Even though upper elementary students have been introduced to homophones in earlier grades, many students (and let’s be honest… adults too!) still struggle to correctly use and understand commonly confused words. Explicit instruction, numerous examples, and additional opportunities to practice can help your students become commonly confused words experts.
First, a quick little note about explicit instruction! It’s so important that instruction on these commonly confused and misspelled words is infused into my instruction and units throughout the year. We are consistently reviewing these skills in literacy centers, while using Mentor Sentences (Jivey creates some that are AMAZING!), and as we work through my Language Skill of the Day resource. I have found, however, that devoting a few days to the study of these words is incredibly impactful.
How To Explicitly Teach Commonly Confused Words
An anchor chart with a table like this can help students understand the similarities and differences in commonly confused words. While it’s not necessary for students to memorize the difference between homophones, homographs, and homonyms, I find that upper elementary students really love to analyze them and in turn gain a deeper understanding when you talk through the differences.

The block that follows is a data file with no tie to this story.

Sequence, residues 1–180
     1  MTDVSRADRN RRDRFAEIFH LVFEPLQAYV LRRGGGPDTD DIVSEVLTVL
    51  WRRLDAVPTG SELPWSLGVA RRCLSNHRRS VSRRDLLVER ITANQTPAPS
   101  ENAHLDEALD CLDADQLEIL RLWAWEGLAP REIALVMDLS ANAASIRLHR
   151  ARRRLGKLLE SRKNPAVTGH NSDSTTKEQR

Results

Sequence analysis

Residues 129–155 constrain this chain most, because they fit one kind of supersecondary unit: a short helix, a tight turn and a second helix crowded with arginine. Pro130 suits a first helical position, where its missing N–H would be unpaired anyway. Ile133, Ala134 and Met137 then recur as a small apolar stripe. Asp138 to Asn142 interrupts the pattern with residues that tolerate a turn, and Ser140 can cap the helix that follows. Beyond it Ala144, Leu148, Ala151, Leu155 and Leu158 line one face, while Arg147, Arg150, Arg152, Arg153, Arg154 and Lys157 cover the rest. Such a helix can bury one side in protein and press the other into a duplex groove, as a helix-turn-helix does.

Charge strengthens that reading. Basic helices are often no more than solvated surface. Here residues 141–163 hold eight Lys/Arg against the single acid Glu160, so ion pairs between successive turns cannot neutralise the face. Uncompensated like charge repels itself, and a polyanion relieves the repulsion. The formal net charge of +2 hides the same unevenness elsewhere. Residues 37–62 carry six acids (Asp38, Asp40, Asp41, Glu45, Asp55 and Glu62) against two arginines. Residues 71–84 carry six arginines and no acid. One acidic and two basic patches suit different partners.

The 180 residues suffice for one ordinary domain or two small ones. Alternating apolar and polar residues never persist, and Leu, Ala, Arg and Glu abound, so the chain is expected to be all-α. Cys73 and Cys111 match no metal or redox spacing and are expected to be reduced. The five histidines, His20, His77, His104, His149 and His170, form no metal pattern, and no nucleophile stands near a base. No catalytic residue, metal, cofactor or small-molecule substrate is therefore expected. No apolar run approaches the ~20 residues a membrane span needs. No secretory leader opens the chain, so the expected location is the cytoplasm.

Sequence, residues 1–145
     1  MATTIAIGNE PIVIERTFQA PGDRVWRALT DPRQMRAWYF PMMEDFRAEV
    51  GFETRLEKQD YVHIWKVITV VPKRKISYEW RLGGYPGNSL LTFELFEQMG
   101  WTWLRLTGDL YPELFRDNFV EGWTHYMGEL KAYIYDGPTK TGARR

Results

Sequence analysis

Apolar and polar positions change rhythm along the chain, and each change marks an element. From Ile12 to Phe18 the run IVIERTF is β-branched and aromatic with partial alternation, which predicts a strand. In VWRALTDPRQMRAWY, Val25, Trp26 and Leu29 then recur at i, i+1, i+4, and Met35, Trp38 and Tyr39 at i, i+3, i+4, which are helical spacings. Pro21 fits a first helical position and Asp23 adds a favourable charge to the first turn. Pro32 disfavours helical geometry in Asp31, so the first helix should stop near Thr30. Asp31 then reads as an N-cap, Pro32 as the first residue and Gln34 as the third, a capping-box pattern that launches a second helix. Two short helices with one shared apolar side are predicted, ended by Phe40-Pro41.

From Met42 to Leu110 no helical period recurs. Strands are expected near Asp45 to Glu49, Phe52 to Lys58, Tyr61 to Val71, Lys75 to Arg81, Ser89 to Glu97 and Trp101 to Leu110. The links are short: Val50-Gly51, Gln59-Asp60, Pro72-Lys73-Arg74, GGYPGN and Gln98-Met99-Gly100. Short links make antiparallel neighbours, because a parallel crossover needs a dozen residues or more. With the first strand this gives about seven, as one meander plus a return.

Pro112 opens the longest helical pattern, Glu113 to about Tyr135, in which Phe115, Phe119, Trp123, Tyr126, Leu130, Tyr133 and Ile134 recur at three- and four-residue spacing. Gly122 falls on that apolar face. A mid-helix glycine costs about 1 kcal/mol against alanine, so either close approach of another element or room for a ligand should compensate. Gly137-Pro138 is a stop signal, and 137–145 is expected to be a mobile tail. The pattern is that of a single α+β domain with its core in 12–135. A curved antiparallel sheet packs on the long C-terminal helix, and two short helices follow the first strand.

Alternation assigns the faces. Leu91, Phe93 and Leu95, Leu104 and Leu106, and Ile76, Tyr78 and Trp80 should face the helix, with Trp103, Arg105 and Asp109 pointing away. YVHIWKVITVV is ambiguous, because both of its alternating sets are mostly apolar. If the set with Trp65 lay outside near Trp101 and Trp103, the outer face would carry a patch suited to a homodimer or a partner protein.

You can download the FREE reference sheet at the bottom of this post, and I highly encourage you to create the following anchor chart with your students, allowing enough room for students to find examples of commonly confused words within authentic texts and adding them as examples. I put it off to the side with plenty of room for sticky notes that they can keep track of as they read! The reference sheets are helpful to put into notebooks for those most commonly confused words!
Homophones “same sound” are words that have the same pronunciation, but different spellings and meanings.
- do, due
- it’s, its
- there, their, they’re
Homographs “same writing” are words that have the same spelling, but different pronunciations and meanings.
- bow (movement, tool)
- wound (injury, past tense of wind)
Homonyms “same name” are words that have the same spelling and same pronunciation, but different meanings.
- wave (motion, water)
- down (direction, feather)
Students can use this FREE interactive notebook page to take notes along with your anchor chart when you teach commonly confused words. The visual element is so fun for students, and it’s incredible just how often they actually reference these!
Book To Reinforce Commonly Confused Words
Read alouds are staples in all of our units. Here are Amazon affiliate links to some of our favorites that help teach commonly confused words.